Hacking of the data, privacy invasion, and losing control of the data or having it compromised are all real concerns. The need for policies and processes to secure and protect the data will be a necessity along with the commensurate communication to and education of employees.
Since this is an emerging issue, employers have the opportunity to design their programs using the principles of “privacy by design” to build in the appropriate measures to ensure the security of the data gathered. Data protection and privacy officers should be at the forefront of ensuring the use of wearables meets all appropriate legal requirements.
These requirements may extend across many regulations, including the Health Insurance Portability and Accountability Act of 1996 (HIPAA), European General Data Protection Requirements of 2018 (which applies to any employer that transfers employee personal information about European employees), and state privacy laws, just to name a few. Compliance with HIPAA is of particular concern since much of the data collected by wearables will potentially be of a medical nature.
Another potential issue that may arise concerns what to do once the data has been gathered and analyzed. The data may be irrelevant (or information the company really doesn’t want to know). Conversely, the data may reveal information that, once known, could put the organization in legal jeopardy if it does not act upon it.
Despite the potential to use wearables to improve employers’ ability to protect employees from incidents of violence that could cause harm or even death, there are numerous issues that employers need to address for this remarkable technology to realize its potential. Ultimately, I believe the well-established legal principles of “reasonable behavior” and “business necessity,” along with informed employee consent, will come into play and will be immensely important.
Let’s consider an example of these issues at play. An employer provides watches that monitor heartbeat, blood pressure, and stress level. Is it left up to the employee to self-monitor, or should the company have a service that monitors employees on these factors and then provides feedback to the employee and/or management pointing out when readings are above an acceptable level and employees need to take rest break or see the company doctor?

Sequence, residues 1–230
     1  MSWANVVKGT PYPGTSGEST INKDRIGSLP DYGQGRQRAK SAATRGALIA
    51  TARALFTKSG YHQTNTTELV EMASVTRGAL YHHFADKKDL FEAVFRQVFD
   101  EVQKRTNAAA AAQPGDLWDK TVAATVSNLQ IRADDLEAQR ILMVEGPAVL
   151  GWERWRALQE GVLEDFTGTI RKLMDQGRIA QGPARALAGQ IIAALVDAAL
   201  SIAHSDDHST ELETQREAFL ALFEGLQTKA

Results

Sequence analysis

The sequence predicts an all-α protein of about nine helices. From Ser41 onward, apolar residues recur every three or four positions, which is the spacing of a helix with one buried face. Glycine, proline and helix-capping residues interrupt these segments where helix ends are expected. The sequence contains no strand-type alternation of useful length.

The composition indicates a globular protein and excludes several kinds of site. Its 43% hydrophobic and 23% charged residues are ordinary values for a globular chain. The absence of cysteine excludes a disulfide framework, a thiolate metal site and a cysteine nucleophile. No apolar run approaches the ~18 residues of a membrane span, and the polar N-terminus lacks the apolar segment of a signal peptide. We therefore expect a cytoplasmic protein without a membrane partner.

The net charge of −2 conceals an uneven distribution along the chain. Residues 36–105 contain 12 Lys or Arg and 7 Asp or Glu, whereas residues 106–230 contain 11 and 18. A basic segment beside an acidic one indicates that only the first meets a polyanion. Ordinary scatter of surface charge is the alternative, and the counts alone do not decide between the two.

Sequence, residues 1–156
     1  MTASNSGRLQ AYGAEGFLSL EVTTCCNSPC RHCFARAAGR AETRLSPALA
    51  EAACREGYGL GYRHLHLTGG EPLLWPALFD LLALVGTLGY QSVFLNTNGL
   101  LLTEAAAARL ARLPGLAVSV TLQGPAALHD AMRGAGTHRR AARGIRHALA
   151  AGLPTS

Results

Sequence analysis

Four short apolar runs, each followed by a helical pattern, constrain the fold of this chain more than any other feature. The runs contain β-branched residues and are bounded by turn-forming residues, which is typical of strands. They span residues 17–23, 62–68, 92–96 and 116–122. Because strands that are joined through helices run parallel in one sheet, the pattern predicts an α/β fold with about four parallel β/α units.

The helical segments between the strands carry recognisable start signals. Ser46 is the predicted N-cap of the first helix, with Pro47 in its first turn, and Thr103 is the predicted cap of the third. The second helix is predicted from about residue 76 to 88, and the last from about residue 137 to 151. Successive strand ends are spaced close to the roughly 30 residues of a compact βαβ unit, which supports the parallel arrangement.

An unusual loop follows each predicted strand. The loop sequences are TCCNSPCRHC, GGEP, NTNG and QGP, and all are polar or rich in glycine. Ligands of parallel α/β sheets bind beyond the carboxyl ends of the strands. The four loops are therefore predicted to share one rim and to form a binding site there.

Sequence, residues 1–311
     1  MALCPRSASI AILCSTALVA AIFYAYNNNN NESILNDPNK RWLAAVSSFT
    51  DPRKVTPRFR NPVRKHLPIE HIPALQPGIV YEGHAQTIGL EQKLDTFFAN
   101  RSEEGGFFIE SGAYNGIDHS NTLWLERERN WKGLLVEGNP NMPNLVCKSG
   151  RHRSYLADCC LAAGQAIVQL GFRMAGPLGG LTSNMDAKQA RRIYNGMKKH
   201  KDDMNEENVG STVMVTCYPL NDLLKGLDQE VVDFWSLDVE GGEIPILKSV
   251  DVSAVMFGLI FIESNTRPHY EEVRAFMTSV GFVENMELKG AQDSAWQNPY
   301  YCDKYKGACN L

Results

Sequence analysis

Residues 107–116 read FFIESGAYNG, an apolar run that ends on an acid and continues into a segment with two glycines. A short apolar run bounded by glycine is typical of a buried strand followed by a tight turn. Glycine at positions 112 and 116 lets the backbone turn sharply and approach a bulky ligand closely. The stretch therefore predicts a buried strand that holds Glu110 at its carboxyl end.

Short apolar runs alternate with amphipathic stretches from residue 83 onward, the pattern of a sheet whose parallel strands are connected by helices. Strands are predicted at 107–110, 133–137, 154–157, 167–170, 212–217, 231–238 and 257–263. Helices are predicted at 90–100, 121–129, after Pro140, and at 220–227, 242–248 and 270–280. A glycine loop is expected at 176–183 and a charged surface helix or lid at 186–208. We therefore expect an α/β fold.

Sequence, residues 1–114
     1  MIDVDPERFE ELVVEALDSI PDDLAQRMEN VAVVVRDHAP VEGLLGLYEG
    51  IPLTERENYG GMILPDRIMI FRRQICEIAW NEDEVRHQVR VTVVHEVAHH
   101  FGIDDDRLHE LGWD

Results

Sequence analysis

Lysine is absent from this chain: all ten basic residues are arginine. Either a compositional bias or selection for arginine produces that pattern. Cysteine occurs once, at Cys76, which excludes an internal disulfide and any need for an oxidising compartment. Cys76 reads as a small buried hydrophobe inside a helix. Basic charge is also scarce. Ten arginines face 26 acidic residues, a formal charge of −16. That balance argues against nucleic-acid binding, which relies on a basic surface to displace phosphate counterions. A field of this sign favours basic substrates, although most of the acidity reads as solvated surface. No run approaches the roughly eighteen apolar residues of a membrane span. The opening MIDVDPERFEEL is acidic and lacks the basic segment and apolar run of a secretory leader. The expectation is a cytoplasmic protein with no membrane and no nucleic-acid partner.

Is this an invasion of employees’ privacy (HIPAA) or does the company have the right to access this information and act on it in the company’s best interest regarding providing a safe work environment and mitigating a potential risk?
Comparing employee data to a predetermined standard raises a red flag. Is this a medical decision or a business decision? At what point does a company cross the line into personal intrusion?
Unfortunately, at this stage there are no easy answers—but employers should start considering the ramifications now.
Finding the Right Data to Understand Warning Signs
After one of my workshops on workplace violence prevention, an employee approached me and said 10 of the 13 early warning signs I had identified fit him, and he needed help. Employees who are dealing with high levels of stress need help in finding ways to alleviate their stress, and it is in a company’s best interest to help the person get help.
Keep in mind that much of the information we currently identify as “early warning signs” relies on layman observations and judgement of a supervisor or a fellow employee. Much of the valuable information gleaned from observing a “person of interest” isn’t as obvious as it may appear. The true value in many cases comes from recognizing relevant changes in behavior and anomalies in the person’s behavior.
To adequately give value to this type information some form of pre-existing standard and level of knowledge of the employee must exist. Rarely do either of these factors exist in organizations and consequently, the probability of missing important information or misreading it is high.
The current state of the art for preventing workplace violence leans heavily on using early warning signs as a way of identifying factors that have been associated with past incidents of violence and using them as an indicator of potential violence. This process involves observing the behavior of a person of interest and identifying significant changes in their behaviors and patterns of behavior. This is a challenge for supervisors and other employees—the variability of the factors that impact accurately assessing an individual’s behaviors is difficult even for professional psychologists (they are only able to correctly identify potential violent individuals one-third of the time).
I believe that it is time to revisit using the early warning signs as the primary way of preventing workplace violence—and wearables may be the next evolution to provide a more scientific approach to identifying at-risk individuals in the workplace.
|Barry Nixon is the Executive Director of the National Institute for Prevention of Workplace Violence, Inc., a consultancy focused on assisting organizations to effectively implement programs to prevent workplace violence and to create a worldwide learning community so that every workplace has the latest information about violence prevention.|